President Biden’s failure to invite Somaliland to the Democracy Summit 2021 is a missed opportunity. While the United States recognized the former British protectorate upon its 1960 independence until it joined with the former Italian Somaliland to form Somalia.

By Michael Rubin

President Joe Biden’s desire to convene a summit of democracies is a good idea that has bipartisan roots; it will convene as an online forum 15 years after Sen. John McCain called for a “League of Democracies.” While the democracy summit’s agenda is unclear and is likely to be a grab bag of loosely tied ideas, the event is nonetheless important for its credentials. After the preliminary invitation list leaked, for example, Turkish journalists noted their country’s omission.


The draft invitation list, if real, suggests a welcome prioritization of reality over diplomatic nicety. The White House will invite Armenia and Georgia, for example, but not Azerbaijan. Hungary is also absent. Biden plans to invite Israel and Iraq, but not any other Middle Eastern or North African states that might have slid back on democracy, like Sudan or Tunisia.

Biden Should Invite Somaliland To Democracy Summit
US President Joe Biden. Image: Creative Commons.

Importantly, Biden’s team plans to invite Taiwan, whose robust democracy threatens China’s autocratic rulers. Taiwan’s inclusion is also important because it signals that the White House puts democratic credentials above formal diplomatic recognition.

By this standard, however, Biden’s failure to invite Somaliland to the democracy summit 2021 is a missed opportunity. While the United States recognized the former British protectorate upon its 1960 independence until it joined with the former Italian Somaliland to form Somalia. Dictatorship ruined Somalia. Siyad Barre turned the country’s guns on Somaliland and killed upwards of 100,000 people. His regime ultimately collapsed and, as much of Somalia descended into state failure, Somaliland reasserted its independence. While neither the United States nor any other country recognized Somaliland this time, it stopped neither the country nor its democratic aspirations.

The African Union Should Resolve Somaliland’s Status
Somaliland flag

Somaliland has among the best track records of multiparty electoral democracy in Africa. In 2003, Dahir Riyale Kahin won the presidential election by 80 votes out of almost 500,000 casts. He lost the next election by 80,000 votes to Ahmed Mohamed Sillanyo and stepped down gracefully. While Somaliland’s three major parties revolve more around personalities and patronage than ideology, debates are active and result uncertain. Citizens have great faith in the process; recognized or not, Somaliland was the first country to secure elections with biometric iris scans.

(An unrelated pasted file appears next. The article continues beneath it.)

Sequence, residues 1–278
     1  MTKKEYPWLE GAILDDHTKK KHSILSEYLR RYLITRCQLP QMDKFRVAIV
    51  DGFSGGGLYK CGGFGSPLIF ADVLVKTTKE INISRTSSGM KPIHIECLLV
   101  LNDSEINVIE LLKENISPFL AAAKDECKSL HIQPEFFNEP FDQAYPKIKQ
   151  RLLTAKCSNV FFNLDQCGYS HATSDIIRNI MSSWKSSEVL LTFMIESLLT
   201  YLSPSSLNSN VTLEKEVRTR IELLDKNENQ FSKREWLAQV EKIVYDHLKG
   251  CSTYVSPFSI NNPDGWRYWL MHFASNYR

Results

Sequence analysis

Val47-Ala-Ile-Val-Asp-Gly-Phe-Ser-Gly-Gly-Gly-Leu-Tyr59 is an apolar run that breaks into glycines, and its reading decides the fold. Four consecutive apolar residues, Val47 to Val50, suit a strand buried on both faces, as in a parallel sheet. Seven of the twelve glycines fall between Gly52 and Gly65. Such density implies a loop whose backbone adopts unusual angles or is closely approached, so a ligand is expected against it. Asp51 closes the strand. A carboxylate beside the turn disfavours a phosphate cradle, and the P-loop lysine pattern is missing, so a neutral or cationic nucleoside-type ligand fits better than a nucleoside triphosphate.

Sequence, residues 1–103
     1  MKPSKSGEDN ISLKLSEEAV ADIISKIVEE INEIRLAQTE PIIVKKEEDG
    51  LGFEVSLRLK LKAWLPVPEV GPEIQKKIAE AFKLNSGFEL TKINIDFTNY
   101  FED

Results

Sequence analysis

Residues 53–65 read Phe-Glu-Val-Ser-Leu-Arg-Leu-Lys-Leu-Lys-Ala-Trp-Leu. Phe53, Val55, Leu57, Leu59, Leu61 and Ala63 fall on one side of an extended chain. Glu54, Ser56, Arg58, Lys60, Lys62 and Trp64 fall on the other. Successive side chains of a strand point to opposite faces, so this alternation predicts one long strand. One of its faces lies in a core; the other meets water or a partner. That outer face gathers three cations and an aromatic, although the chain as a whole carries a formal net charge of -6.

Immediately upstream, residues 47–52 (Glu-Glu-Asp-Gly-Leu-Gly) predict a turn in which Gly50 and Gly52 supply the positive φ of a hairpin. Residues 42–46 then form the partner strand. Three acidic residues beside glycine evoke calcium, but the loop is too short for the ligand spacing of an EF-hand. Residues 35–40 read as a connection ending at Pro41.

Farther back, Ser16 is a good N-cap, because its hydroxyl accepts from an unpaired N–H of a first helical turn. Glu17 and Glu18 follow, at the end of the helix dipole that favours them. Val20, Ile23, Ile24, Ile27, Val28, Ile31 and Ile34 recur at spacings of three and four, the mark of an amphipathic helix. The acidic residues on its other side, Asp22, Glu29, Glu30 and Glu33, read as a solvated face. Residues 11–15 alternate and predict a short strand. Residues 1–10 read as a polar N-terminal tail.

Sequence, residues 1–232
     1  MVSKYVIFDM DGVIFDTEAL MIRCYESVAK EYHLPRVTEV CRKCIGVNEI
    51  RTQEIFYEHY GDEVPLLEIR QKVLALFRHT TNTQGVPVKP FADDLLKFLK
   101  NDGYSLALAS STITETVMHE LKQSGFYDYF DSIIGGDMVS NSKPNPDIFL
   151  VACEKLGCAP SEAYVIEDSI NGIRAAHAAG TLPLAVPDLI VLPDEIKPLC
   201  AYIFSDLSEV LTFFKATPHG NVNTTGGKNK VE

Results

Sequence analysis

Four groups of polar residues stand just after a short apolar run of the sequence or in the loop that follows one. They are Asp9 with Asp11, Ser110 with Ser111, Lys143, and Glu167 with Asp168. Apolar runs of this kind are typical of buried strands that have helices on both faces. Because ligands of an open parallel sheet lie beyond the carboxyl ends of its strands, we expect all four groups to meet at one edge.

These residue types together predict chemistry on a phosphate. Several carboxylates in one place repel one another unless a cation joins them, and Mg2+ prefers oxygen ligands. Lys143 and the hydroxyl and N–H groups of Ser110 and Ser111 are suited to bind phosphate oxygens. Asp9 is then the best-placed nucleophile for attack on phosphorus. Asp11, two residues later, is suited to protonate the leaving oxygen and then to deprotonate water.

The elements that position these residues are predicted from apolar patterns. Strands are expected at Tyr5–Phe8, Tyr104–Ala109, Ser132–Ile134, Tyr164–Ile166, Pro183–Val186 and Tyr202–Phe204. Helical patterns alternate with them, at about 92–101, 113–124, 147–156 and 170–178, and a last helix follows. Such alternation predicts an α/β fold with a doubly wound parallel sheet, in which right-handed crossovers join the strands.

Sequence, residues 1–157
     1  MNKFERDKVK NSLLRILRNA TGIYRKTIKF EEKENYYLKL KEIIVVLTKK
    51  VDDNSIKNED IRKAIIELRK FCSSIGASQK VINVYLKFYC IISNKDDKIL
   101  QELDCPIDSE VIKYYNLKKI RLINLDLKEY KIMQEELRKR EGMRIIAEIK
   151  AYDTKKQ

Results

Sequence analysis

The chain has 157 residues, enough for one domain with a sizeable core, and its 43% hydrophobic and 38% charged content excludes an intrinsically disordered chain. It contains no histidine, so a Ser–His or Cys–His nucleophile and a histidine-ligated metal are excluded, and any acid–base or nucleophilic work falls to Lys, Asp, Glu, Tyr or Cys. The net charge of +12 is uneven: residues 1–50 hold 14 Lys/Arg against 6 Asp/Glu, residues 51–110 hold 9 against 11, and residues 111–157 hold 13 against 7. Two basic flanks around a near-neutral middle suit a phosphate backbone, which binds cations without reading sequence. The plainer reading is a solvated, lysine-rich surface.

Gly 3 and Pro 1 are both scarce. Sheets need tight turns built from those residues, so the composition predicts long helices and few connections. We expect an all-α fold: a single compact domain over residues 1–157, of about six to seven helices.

In Somaliland’s most recent parliamentary elections—which European diplomats observed but State Antony Blinken’s State Department bizarrely boycotted—the opposition surprised the incumbent administration, won the parliamentary majority and defeated the president’s choice for speaker. Not only does Somaliland aspire to democracy, but diplomatically it also actively aligns itself with other democracies. While Djibouti, Ethiopia, and Somalia cultivate China, for example, Somaliland has turned toward Taiwan, the United Kingdom, and Denmark.

For too long, the State Department’s fear of the precedent of African separatism has led it to keep Somaliland at arms’ length, never mind its previous recognition of the territory or the strategic logic of tighter ties. But celebrating democracy—as with the Taiwan invitation—need not mean recognizing independence; it need only requires recognizing that certain territories regardless of what their final status might be are democratic and should be celebrated as such.

Should Somalia or the People’s Republic of China complain about Somaliland or Taiwan’s inclusion, the proper response for Biden, Blinken, and National Security Advisor Jake Sullivan should either be to ignore them. Washington should never sacrifice democracies to dictatorship. Conversely, they might tell Mogadishu or Beijing that should they wish to be included instead, they should follow the path that the states they claim as their own have hewed.

About Michael Rubin

Michael RubinMichael Rubin is a resident scholar at the American Enterprise Institute, where he researches Arab politics, the Gulf Cooperation Council, Iran, Iraq, the Kurds, terrorism, and Turkey. He concurrently teaches classes on terrorism for the FBI and on security, politics, religion, and history for US and NATO military units.

A former Pentagon official, Dr. Rubin has lived in post-revolution Iran, Yemen, and both pre-and postwar Iraq, and he spent time with the Taliban before 9/11. He is the author, co-author, and co-editor of several books exploring Iranian history, American diplomacy, Kurdish studies, and Shi’ite politics, including “Kurdistan Rising” (AEI Press, 2016), “Dancing with the Devil: The Perils of Engaging Rogue Regimes” (Encounter Books, 2014); and “Eternal Iran: Continuity and Chaos” (Palgrave, 2005).

Dr. Rubin has a Ph.D. and an M.A. in history from Yale University, where he also obtained a B.S. in biology.

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